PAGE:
By Jaimy Lee
Abbott Laboratories and Johnson & Johnson separately reported earlier-than-expected recoveries of elective procedures in American hospitals in the second quarter, even as the nation struggles with a worsening COVID-19 pandemic.
Shares of Abbott /zigman2/quotes/203724446/composite ABT +0.24% closed at a year-to-date high of $99.25, the day after it reported its second-quarter results that beat expectations for profit and revenue. Johnson & Johnson’s /zigman2/quotes/201724570/composite JNJ +0.40% stock closed at $149.29 on Thursday, the day it reported that its second-quarter profit and sales beat expectations. The company also raised its full-year outlook.
Both companies market a mix of medical products, including devices, drugs and tests for Abbott and pharmaceuticals, devices and consumer brands like Band-Aids for J&J.
As the coronavirus swept through parts of Asia, Europe, and the U.S., the largest geographic markets for these companies, many hospitals canceled or postponed elective appointments and procedures that often use medical devices and diagnostic testing. This was done to keep patients out of high-risk health care facilities and to free up personal protective equipment like masks, gloves and gowns as well as the workers themselves for COVID-19 patients.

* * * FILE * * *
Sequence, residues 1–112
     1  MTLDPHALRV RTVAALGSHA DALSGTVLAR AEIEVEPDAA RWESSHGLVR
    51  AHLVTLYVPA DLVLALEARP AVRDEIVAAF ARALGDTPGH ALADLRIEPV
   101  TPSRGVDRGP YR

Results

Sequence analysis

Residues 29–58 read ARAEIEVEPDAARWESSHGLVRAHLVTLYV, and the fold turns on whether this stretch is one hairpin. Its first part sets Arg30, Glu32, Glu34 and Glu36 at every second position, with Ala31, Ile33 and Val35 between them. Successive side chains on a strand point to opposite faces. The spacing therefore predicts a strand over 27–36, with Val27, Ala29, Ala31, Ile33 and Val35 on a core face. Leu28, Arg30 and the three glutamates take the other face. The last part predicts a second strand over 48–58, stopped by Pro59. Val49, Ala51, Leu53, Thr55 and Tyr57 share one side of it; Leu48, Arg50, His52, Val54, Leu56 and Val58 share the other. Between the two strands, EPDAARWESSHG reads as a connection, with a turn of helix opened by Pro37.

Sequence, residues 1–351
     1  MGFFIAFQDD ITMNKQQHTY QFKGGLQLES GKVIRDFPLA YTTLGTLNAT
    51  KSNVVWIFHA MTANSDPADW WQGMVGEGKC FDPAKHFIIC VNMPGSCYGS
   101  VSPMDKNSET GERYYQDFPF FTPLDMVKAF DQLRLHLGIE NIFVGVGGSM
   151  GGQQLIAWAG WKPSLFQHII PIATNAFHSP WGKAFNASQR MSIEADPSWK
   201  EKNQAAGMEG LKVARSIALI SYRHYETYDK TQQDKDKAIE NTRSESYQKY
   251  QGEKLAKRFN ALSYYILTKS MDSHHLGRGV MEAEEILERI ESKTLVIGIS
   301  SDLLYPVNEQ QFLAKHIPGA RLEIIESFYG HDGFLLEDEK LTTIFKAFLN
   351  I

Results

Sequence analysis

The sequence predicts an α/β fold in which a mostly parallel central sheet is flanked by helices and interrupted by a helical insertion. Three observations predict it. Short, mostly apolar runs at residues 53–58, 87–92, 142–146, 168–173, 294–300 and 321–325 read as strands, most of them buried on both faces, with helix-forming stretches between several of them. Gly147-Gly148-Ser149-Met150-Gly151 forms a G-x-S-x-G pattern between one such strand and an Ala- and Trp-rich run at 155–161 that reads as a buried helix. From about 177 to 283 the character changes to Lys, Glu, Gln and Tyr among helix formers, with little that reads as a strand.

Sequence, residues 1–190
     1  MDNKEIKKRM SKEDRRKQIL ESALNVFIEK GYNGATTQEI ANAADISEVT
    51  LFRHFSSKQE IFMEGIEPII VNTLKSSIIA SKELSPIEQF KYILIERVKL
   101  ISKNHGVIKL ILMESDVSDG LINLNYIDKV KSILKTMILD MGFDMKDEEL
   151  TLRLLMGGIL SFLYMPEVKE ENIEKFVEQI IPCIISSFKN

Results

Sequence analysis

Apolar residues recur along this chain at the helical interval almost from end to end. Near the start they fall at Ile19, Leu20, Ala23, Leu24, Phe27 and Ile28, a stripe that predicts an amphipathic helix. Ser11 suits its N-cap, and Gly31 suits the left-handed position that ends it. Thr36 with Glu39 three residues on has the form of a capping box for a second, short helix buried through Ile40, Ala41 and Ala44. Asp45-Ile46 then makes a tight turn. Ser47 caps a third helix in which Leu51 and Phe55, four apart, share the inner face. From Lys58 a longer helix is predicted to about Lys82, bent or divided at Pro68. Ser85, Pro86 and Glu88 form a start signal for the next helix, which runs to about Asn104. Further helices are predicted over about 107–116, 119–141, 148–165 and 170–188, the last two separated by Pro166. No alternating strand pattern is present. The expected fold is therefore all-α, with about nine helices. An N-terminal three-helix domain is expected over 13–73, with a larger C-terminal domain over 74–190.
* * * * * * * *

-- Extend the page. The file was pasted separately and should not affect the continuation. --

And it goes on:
Many of the initial spikes in coronavirus cases in the U.S. took place during the second quarter of the calendar year, which began in April and ended in June
It came as somewhat of a surprise then that companies like Abbott and J&J saw unexpected recoveries in procedure volume at the tail end of the second quarter.
Abbott president and CEO Robert Ford said Thursday that “procedure volumes had rebounded to approximately 90% of pre-COVID levels on average in the U.S.” by the end of June, according to a FactSet transcript of a call with investors. Its diagnostic testing business, which does not include the diagnostic and serologic tests it sells for COVID-19, also bounced back, to a similar 90% threshold when compared to pre-pandemic levels, according to Ford’s comments.
That said, Abbott’s global device sales still fell 21.2% on a reported basis to $2.4 billion in the second quarter of 2020, as did U.S. sales of devices, down 29.0% to $966 million. Diagnostic sales gained 7.1% to $1.9 billion in the second quarter of the year; in the U.S. market, they soared 23.2% to $857 million.
J&J’s medical devices business reported a 33.9% decline in sales on a reported basis to $4.3 billion in the second quarter of 2020, down from $6.5 billion in the same quarter a year ago. U.S. sales of medical devices tumbled 39.6% to $1.8 billion in the second quarter of the year, compared with $3.1 billion in the same quarter in 2019.
J&J CFO Joseph Wolk told investors on Thursday that company executives still expect the second quarter to be the most negatively impacted quarter this year for device sales.